Simon Goring wrote an interesting post a few days ago arguing that no one reads your blog. In his post, he discussed reasons for why you might want to blog anyway. This post prompted me to tackle a topic I’ve been thinking about for a while: Why should you do science? Why should you publish? No one is going to read your paper either.
In particular, while I’m sure everybody agrees on the value of publishing groundbreaking, highly influential papers, most papers are neither groundbreaking nor highly influential. I have written over 100 scientific articles, and by my own modest guess at least 80 of those are completely irrelevant in the grand scheme of things, and probably more. My own measure for acceptable performance in a given year is that I publish about one paper to which I can point and say “probably more than 10 people will read this and actually care.” Over a 15-year career in science, that comes out to about 15-20 such papers, so I’m more or less on track.1 Nevertheless, the vast majority of the papers I write, on average about 6 per year, are not that special and aren’t really read by anybody. So is there any reason to write them at all? Why not just write one big hit a year, or whenever it’s ready, and leave all the chaff unpublished?
Quality tends to correlate with quantity. In your field, how many people do you know who publish one Nature or Science paper a year and not much else? I can think of maybe one or two people who have made that strategy work for them, but I’d argue that they are successful despite their publishing approach not because of it. For most people, productivity and impact tend to be correlated. The most prolific scientists also write the most widely-read papers and vice versa. It’s just like in the music business, you need to write a lot of songs to write a hit, and the people that write many hits also tend to write many many songs that aren’t hits. And, more importantly, it’s difficult to predict which song will be a hit and which will flop.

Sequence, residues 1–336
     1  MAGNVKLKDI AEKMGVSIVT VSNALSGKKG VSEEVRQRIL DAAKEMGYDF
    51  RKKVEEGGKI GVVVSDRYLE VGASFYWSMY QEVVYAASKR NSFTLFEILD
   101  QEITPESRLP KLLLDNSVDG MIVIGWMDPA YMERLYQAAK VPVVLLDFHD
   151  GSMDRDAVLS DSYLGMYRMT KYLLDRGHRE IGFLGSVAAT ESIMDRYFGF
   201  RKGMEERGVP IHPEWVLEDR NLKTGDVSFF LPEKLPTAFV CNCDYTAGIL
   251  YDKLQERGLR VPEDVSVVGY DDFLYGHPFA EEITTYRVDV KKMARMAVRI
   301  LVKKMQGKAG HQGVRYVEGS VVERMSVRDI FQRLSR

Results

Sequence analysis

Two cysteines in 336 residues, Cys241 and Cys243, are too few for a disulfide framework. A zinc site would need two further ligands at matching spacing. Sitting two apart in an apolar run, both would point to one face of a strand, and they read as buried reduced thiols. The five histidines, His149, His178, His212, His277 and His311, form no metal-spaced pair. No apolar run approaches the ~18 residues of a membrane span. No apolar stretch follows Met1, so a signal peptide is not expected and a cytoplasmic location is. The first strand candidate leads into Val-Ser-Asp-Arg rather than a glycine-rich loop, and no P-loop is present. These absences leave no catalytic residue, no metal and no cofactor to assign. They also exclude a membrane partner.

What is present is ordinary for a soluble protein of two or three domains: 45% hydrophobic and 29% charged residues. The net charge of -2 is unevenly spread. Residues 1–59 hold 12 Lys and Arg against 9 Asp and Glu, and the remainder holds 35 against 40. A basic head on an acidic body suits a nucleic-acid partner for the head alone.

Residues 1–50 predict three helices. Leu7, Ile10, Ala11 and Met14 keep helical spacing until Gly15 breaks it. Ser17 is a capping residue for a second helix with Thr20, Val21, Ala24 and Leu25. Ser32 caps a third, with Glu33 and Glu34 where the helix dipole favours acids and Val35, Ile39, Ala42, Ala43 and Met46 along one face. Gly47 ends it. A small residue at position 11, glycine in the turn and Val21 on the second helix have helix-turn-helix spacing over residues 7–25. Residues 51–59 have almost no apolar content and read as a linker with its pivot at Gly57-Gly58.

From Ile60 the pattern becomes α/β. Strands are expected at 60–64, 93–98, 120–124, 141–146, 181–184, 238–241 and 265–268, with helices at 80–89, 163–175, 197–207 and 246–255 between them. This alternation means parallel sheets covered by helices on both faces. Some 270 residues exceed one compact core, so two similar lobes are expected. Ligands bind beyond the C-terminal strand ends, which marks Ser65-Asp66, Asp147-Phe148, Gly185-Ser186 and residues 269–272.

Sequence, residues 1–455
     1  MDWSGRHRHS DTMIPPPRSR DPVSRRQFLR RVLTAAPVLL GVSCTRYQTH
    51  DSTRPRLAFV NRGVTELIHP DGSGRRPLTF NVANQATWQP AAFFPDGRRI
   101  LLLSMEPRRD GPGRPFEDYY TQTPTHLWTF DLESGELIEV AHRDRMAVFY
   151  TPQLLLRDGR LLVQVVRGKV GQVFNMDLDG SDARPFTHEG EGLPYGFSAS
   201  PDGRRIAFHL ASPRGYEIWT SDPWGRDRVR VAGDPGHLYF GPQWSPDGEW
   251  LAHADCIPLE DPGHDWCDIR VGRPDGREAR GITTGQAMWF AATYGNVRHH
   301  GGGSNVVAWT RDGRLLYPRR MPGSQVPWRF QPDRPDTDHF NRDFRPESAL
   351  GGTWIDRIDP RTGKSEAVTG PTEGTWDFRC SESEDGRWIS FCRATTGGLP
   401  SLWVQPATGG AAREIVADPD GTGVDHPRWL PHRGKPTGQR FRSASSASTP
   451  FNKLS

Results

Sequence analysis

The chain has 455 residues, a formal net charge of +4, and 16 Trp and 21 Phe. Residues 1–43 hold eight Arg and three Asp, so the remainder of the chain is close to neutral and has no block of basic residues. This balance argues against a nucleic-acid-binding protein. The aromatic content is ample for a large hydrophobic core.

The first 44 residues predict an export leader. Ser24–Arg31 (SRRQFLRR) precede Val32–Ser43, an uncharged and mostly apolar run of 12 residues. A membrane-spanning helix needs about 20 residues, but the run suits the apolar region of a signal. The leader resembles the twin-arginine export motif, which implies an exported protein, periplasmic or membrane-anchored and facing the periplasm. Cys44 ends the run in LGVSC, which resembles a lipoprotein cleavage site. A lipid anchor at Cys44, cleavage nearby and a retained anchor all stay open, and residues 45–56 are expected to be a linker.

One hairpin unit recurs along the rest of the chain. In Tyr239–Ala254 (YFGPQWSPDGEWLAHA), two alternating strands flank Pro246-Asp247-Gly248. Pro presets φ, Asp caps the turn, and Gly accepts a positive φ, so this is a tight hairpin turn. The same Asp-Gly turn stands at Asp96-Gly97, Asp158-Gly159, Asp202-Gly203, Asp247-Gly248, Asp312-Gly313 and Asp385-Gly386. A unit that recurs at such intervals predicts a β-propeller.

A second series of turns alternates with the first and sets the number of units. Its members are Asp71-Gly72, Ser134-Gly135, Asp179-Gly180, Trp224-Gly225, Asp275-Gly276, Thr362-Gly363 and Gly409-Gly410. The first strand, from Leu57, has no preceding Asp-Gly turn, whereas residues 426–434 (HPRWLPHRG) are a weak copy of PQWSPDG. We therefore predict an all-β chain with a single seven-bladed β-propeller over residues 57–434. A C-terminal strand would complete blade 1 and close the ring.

Let me illustrate this idea with an example from my own career. In 2001 I wrote seven papers. Five of the seven have been quite successful, and have been cited over 50 times each. One of them, a Nature paper,2 is still one of my most cited papers of all times, with about 400 citations according to Google Scholar. When we wrote that paper, I was pretty sure we had a big story, so the success of the paper was somewhat expected.3 The second-most cited paper of that year, however, which at present has about 100 citations and is my 13th most cited paper of all time, was a total surprise. Notably, this paper was also one of my fastest ever from original idea to submission. I had a cute idea one afternoon, did a few calculations for a day or two, wrote a simulation in a few more days, and after a little over a week the entire paper was done and out the door. When I submitted this paper, I had no idea whether it was even publishable. Yet it got printed, and people really liked it. For the other papers I wrote in 2001, I also was skeptical whether anybody would ever care about them, and in the end five of the seven did really well. It would have been easy for me to be more selective in 2001 and write only 2 or 3 papers, but if I had done that I’d have missed out on writing a couple of well-received papers.
This leads me to lesson 1:
You don’t know which of your papers other people will like. The more you publish, the higher the chance that something you write is useful to somebody.
Frequent publishing builds an audience. My next point applies to scientific publishing just as it does to blogging: You need to build an audience. If you regularly publish on a topic, people start taking notice. They will make it a habit to keep an eye on your work, even if they don’t spend a lot of time actually reading your papers. Then, when you finally publish something really good, you have an audience ready and waiting. The exact same paper, published by somebody nobody has never heard of, might not get the same reception. In fact (and I’m not saying this is right, just stating how things are), it might not even make it through review the same way.